Understanding pH and Ammonia 

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The nitrogen cycle is the biological process that recycles organic waste in a body of water by converting ammonia into nitrates. Without it, the ecosystem in your pond would quickly become uninhabitable. Ensuring this cycle is optimized requires understanding the relationship between ammonia and pH. 


Ammonia is the byproduct of debris and waste decomposition and is highly toxic to koi. Even small concentrations can cause tissue damage and bacterial or parasitic infections. Ammonia damages the gills, skin, and slime coat of fish. Symptoms of ammonia poisoning include skin and gill irritation, fin clamping, lethargy, or gasping at the pond’s surface. It’s best to keep ammonia levels as close to 0 as possible. 


The pH scale measures free hydrogen levels in water and ranges from 1 to 14. Seven is neutral pH, where water is neither acidic nor alkaline. As the scale goes down, water becomes more acidic, and as the scale goes up, water becomes more alkaline. Koi do best at levels between 7.0 and 7.5. 

Ammonia & pH Interaction 

Your pond water’s pH plays a large role in ammonia toxicity. The lower the water’s pH, the higher ammonia levels can rise without becoming toxic. As pH rises, ammonia becomes increasingly toxic at lower levels.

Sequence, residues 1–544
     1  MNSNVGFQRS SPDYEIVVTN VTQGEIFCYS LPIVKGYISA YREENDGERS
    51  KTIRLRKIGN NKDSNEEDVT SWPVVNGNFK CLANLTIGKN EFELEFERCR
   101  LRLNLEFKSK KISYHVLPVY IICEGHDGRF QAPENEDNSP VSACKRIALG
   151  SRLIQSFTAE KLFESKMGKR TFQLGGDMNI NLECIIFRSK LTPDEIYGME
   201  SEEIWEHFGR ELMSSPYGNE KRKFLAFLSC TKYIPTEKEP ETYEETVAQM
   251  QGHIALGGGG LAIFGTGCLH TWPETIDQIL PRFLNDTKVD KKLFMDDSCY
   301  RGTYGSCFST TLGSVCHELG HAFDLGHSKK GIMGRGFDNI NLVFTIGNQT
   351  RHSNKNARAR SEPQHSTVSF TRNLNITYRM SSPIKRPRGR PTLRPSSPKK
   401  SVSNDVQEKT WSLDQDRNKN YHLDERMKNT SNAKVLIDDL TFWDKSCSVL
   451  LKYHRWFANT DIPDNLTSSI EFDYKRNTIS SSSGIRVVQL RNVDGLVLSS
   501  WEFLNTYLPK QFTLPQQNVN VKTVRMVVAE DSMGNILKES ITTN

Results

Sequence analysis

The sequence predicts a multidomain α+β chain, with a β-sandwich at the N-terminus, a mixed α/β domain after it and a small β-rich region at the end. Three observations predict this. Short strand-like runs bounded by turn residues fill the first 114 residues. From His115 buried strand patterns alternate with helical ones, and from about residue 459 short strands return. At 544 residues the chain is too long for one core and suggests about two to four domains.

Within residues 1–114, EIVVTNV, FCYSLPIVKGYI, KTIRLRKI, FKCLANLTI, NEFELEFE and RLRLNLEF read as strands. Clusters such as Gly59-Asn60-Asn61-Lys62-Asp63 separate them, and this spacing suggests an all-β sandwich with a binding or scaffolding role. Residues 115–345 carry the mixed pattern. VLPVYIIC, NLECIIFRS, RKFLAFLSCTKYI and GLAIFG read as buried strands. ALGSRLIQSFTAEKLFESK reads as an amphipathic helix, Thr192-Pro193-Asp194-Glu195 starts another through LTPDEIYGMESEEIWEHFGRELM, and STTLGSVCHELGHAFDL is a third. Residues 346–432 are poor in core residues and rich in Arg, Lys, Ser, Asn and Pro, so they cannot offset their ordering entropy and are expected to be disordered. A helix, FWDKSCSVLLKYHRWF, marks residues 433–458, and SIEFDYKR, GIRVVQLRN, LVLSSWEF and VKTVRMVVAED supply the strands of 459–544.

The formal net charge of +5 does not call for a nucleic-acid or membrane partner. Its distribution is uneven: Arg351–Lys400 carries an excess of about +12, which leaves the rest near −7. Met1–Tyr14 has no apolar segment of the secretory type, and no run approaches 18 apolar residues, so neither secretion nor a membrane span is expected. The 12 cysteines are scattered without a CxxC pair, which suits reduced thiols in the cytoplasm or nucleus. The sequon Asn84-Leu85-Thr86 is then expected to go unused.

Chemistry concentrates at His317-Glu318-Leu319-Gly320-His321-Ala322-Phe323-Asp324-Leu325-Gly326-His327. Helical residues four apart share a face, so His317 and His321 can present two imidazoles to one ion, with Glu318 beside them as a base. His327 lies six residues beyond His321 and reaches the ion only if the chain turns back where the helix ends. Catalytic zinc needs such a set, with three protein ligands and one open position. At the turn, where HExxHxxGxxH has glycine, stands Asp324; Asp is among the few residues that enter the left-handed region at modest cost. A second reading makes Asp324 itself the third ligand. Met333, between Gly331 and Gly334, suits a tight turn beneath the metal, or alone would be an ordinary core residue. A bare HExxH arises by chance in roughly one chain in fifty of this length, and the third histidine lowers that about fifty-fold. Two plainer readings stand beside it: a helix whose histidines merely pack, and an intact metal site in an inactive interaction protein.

For example, if your pond’s pH falls between 7.0 and 7.5, your koi can tolerate ammonia levels up to 1.0 ppm. At an 8.0 pH, the same ammonia level becomes harmful, and at a pH of 9.0, it becomes lethal. Therefore, it is crucial to test pH and ammonia levels to prevent an adverse interaction. 

Stabilizing pH and Ammonia 

Maintaining good water quality can stabilize your pond’s pH and minimize ammonia levels. The pond’s biological and mechanical filtration systems are a key component of this. Biological filtration creates an environment where beneficial bacteria thrive. Mechanical filtration removes waste and debris.

Regular water changes are necessary to facilitate both systems. The size and volume of your pond will determine how often you should replace water and how much. We recommend water changes of 10% to 25% every one or two weeks. 

Ammonia And Shipping 

Do not mix pond water with the water from your shipping bag when introducing new koi to your pond. Koi release waste into the bag and ammonia levels rise. Adding your pond water will increase the water’s pH and, therefore, toxicity. A better way to acclimate new fish is to float the bag in your pond for about 20 to 30 minutes before releasing them.


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